The cost of borrowing in dollars in London for three months rose for a fourth day, signaling that banks haven't started to lend after the U.S. Senate approved a $700 billion plan to rescue beleaguered financial institutions. The London interbank offered rate, or Libor, that banks charge each other for such loans climbed 6 basis points to 4.21 percent today, the highest since Jan. 11, the British Bankers' Association said.
The corresponding rate for euros advanced 3 basis points to a record 5.32 percent. The Libor-OIS spread, a gauge of cash scarcity among banks, widened to a record. "We still see upward pressure on maturities from one week," said Patrick Jacq, a fixed-income strategist in Paris at BNP Paribas SA, France's biggest bank. "The situation is still blocked and we're unlikely to see spreads decline before confidence has been restored."
Credit markets have frozen as financial institutions hoard cash to meet future funding needs amid deepening concern that more banks will collapse. Libor, set by 16 banks in a daily survey by the British Bankers' Association, is used to set rates on $360 trillion of financial products worldwide, from home loans to derivatives.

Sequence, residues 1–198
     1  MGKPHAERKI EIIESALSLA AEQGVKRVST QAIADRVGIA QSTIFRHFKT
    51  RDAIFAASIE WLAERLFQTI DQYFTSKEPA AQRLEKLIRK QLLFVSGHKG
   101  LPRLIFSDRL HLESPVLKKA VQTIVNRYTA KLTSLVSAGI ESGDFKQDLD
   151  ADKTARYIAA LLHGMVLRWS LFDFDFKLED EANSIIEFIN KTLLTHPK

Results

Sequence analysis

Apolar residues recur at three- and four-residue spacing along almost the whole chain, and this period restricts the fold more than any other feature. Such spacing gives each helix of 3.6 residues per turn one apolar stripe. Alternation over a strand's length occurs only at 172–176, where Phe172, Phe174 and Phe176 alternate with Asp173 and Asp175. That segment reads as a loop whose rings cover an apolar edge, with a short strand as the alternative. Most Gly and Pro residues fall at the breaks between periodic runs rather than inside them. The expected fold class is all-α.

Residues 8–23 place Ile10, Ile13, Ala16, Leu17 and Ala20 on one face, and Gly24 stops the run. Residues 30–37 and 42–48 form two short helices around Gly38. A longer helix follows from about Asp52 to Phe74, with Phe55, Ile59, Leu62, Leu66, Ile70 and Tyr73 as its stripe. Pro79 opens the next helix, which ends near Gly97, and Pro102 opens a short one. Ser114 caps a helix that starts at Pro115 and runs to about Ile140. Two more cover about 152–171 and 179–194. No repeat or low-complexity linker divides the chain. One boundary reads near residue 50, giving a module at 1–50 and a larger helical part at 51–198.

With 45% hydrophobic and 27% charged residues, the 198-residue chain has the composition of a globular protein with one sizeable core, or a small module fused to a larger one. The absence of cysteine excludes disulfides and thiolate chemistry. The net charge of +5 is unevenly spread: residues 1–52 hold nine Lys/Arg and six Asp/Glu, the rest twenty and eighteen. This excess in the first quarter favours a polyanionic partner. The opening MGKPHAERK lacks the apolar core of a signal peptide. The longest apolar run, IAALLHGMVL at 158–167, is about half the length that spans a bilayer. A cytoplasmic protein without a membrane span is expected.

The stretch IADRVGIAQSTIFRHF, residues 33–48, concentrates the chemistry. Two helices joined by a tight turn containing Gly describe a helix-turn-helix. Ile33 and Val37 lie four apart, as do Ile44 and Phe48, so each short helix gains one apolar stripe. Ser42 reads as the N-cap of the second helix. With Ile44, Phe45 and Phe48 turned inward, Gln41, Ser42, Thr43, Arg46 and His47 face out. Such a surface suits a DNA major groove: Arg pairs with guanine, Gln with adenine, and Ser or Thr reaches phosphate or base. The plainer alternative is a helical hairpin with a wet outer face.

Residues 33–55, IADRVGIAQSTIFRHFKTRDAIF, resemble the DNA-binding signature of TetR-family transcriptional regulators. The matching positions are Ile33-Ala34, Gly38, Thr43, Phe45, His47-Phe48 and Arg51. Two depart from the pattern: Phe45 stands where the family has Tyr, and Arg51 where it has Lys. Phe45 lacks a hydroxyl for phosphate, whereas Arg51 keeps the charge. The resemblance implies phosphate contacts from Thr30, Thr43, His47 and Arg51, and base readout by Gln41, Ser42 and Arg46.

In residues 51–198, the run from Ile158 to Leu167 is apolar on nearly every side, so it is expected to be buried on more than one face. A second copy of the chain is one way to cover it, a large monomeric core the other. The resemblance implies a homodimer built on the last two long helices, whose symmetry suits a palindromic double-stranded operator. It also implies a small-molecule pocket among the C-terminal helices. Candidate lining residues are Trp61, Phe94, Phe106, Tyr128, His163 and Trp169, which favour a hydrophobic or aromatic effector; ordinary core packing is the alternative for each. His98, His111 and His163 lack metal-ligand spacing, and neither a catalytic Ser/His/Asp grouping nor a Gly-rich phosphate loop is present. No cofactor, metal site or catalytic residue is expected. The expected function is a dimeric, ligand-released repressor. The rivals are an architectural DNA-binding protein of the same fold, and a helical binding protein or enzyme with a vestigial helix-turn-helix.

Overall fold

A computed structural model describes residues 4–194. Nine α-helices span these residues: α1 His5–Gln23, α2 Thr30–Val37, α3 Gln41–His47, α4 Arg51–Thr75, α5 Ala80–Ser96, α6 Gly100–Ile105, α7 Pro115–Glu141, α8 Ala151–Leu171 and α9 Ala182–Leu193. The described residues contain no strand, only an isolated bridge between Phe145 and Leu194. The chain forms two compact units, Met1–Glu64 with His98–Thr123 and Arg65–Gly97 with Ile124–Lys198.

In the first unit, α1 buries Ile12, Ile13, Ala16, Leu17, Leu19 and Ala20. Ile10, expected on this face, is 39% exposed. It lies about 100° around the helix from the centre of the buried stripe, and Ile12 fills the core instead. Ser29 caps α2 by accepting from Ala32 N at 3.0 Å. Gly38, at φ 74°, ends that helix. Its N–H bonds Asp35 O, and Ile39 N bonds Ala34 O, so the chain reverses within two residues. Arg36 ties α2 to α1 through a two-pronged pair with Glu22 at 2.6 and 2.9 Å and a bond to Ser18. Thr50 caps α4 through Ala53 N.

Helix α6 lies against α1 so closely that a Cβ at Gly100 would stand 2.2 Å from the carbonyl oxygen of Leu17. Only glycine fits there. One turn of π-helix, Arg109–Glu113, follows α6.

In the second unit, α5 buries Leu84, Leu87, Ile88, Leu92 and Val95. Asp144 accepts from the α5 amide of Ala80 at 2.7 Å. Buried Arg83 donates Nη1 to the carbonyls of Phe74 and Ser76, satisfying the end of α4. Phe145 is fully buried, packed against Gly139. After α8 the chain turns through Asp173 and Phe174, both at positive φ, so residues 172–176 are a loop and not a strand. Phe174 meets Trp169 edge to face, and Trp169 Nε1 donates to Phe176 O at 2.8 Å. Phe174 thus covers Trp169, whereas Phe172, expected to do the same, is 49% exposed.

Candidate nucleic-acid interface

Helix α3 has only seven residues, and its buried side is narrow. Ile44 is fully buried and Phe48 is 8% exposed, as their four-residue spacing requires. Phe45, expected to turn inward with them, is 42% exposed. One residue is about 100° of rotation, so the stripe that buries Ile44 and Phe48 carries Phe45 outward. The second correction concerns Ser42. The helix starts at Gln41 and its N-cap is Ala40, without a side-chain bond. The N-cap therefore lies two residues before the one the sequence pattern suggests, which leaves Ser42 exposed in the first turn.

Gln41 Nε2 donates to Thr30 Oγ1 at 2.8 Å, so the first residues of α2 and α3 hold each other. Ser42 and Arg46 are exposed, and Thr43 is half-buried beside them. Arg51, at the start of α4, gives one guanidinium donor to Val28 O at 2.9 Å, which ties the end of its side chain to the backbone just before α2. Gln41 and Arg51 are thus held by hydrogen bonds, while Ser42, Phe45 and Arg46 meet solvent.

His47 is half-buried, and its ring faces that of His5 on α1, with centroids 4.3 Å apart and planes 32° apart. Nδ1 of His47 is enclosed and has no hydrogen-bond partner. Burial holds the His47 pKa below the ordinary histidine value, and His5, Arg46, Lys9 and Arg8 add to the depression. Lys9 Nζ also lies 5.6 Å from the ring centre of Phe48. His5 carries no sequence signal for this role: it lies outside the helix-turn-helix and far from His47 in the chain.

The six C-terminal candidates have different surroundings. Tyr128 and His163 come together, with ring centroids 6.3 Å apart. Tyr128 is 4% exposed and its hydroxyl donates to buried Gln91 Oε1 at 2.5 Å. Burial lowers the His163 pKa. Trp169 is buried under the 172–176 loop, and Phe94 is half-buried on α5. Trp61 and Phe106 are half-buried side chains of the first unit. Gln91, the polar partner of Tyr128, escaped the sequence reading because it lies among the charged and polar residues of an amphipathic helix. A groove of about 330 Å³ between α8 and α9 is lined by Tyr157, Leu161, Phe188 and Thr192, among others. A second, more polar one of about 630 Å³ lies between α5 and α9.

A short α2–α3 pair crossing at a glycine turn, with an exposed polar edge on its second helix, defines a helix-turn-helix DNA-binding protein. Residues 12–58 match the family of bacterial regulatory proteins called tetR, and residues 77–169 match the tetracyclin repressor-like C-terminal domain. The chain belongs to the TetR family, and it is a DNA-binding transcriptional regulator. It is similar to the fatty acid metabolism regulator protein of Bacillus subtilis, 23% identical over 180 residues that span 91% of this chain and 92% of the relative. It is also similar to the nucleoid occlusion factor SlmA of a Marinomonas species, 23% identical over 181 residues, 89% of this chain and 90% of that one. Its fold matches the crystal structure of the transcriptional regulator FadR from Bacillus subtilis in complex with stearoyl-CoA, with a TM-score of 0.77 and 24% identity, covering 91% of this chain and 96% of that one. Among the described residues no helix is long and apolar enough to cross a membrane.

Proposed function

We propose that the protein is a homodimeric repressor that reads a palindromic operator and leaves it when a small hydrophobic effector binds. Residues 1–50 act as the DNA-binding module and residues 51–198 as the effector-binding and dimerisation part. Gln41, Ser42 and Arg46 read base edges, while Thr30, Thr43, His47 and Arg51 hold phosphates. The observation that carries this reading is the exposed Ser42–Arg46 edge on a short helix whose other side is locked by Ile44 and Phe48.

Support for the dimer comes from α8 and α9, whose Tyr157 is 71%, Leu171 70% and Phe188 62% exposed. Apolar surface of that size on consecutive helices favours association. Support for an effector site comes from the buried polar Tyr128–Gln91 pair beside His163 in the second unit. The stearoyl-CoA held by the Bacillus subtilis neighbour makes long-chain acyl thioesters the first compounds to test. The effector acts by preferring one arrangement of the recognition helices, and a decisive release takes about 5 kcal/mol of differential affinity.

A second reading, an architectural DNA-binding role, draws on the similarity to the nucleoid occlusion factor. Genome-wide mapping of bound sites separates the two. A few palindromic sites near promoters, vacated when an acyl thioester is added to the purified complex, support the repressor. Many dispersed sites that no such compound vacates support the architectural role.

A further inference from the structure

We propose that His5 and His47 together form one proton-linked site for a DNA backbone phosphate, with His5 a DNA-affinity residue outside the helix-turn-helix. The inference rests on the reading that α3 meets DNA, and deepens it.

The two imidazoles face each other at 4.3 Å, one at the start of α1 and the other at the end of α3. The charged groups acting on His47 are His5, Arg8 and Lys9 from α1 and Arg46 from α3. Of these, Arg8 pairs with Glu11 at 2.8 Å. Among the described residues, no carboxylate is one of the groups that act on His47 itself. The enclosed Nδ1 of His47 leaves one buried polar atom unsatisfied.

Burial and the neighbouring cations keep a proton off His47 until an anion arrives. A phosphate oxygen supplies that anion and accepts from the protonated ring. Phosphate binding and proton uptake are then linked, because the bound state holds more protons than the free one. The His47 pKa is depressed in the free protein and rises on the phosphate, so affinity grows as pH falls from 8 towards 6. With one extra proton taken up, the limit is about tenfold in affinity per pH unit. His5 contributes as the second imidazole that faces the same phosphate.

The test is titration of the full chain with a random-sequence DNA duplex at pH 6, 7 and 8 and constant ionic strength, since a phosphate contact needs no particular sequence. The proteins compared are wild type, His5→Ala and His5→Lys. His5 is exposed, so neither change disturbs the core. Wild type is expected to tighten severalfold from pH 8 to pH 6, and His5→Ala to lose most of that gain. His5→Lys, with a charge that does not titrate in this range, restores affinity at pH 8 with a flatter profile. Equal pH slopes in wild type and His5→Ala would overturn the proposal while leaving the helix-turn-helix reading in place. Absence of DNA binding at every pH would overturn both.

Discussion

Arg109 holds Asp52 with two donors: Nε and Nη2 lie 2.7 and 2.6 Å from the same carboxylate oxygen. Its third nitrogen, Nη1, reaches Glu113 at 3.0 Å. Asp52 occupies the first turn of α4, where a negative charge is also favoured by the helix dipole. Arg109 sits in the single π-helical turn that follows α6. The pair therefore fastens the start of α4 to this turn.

The U.S. Senate passed the Bush administration's bank- rescue package yesterday with inducements for the House of Representatives to approve the measure after an earlier version was rejected. The legislation, approved on a 74-25 vote, authorizes the government to buy troubled assets from banks rocked by record home foreclosures.
Interbank rates have soared as governments in Europe and the U.S. rescued six financial institutions in the past week. The Libor-OIS spread, the difference between the three-month dollar rate and the overnight indexed swap rate, widened to a record 260 basis points today. It was at 197 basis points a week ago and 79 basis points a month ago.